The process of pouring an epoxy cast is similar to that for preparing a rubber mould outlined above. The epoxy resin and catalyst are mixed according to the manufacturers instructions, taking appropriate precautions for the safe handling of the materials (see health and safety information below). The usable life of the catalysed epoxy is about 45 minutes at 23°C (but note that the exothermic reaction between catalyst and resin can cause a rapid rise in temperature if large amounts of resin are mixed, and this temperature increase will accelerate curing). Small batches of epoxy weighing only a few grams can be prepared if the proportions of catalyst and resin are measured by weight using scales of appropriate precision. The catalysed epoxy is then trickled slowly into the mould, or added drop by drop, and allowed to flow slowly over the surface. The use of hand-driven centrifuges is advocated in some discussions of epoxy casting (e.g., Waters and Savage 1971), but I have not found this step necessary when pouring one-part moulds using Araldite 2020. The epoxy is water clear, so if optical examination or imaging will be required, pigment should be added to the resin at the same time the catalyst is mixed in. Addition and thorough mixing-in of Lamp Black or Aniline Black pigment produces opaque black casts. Other pigments suitable for epoxy may also be used. It is worth noting that if the epoxy is coloured using a solution of eosin stain in ethanol, the method of Jernvall and Selänne (1999) can be used to acquire high-resolution digital representations of fossil shape through laser confocal microscopy (although the effects of eosin solution on the cure properties Araldite 2020 have not been tested). For Scanning Electron Microscopy, it makes no difference whether the cast is pigmented or clear.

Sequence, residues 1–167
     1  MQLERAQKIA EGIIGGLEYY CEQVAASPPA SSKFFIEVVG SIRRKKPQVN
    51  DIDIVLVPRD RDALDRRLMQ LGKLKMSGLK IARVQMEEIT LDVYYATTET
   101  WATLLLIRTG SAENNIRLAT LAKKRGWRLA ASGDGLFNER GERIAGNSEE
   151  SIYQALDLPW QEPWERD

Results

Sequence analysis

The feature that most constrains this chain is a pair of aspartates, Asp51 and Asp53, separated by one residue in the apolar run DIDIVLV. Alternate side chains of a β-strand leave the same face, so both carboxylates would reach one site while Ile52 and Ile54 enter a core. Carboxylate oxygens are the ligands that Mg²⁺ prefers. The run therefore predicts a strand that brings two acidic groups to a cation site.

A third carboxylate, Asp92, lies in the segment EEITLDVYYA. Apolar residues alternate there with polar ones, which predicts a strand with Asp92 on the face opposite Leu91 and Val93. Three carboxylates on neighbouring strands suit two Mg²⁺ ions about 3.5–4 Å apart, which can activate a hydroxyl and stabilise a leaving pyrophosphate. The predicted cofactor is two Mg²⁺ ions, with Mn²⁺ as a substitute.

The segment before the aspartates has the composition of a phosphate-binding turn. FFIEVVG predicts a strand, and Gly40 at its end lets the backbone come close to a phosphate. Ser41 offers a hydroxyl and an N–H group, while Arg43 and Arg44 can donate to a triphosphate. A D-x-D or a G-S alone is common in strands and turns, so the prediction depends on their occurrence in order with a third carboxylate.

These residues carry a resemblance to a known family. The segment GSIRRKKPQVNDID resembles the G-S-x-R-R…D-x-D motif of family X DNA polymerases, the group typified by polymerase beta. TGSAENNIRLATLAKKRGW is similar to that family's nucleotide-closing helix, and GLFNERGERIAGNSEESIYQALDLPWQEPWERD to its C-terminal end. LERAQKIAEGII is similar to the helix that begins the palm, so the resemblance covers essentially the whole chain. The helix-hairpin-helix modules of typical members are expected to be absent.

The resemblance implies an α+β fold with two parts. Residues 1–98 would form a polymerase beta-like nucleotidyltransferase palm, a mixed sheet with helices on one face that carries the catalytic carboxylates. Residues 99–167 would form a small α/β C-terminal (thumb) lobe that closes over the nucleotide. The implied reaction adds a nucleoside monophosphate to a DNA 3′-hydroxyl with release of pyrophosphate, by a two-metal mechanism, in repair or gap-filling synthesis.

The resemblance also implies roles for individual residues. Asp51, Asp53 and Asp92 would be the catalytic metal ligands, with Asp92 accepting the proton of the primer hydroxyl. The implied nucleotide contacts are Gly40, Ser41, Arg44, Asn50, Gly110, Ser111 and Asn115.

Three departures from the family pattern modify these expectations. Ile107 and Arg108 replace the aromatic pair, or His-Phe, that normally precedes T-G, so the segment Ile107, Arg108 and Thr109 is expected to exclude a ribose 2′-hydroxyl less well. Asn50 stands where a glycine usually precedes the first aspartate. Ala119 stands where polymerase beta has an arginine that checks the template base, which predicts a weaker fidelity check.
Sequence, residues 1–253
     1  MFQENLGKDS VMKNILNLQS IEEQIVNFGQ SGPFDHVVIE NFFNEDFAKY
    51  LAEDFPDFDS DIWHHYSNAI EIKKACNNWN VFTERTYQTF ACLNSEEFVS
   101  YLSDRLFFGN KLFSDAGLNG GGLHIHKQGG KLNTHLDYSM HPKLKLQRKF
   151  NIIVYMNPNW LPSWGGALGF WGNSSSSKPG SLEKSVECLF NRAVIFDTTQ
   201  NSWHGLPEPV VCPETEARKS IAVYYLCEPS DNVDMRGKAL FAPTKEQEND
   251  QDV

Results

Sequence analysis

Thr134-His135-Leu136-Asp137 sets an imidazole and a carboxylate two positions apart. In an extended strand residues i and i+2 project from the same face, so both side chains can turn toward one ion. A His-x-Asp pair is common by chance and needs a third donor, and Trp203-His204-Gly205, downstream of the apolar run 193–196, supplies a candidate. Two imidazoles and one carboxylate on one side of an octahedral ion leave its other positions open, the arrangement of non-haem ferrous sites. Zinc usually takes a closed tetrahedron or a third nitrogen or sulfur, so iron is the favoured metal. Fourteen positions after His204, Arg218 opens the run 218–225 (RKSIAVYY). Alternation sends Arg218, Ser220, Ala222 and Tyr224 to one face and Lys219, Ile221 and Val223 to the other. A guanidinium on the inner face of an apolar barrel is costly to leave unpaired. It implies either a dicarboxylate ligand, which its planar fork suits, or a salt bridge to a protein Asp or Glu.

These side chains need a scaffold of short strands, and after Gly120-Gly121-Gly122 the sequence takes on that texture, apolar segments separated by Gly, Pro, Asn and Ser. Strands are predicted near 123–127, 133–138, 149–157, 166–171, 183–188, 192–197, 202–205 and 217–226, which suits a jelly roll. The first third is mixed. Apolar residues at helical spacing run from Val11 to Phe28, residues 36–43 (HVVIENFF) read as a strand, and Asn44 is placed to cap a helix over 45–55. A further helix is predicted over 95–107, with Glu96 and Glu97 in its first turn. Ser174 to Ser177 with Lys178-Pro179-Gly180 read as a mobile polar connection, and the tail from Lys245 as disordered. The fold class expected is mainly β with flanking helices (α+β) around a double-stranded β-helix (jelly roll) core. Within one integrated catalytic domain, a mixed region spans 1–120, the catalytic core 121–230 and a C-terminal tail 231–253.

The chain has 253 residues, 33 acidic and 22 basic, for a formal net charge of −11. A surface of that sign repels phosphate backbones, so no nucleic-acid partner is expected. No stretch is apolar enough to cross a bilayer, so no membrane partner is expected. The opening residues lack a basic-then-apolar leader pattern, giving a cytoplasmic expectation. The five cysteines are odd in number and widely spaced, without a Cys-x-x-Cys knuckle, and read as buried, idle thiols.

Care must be taken, when using RTV rubbers and epoxy resins, to follow manufacturer instructions regarding safe handling and storage. Some of the components of RTV rubbers, epoxy resins and their catalysts are toxic and/or irritants. Material Safety Data Sheets (MSDS) for Ambersil RTV913 and other Ambersil products are available via the Ambersil and Quantum Silicones websites. Instructions on how to obtain MSDS for Araldite 2000 series epoxy resins are available from the Huntsman distributors website.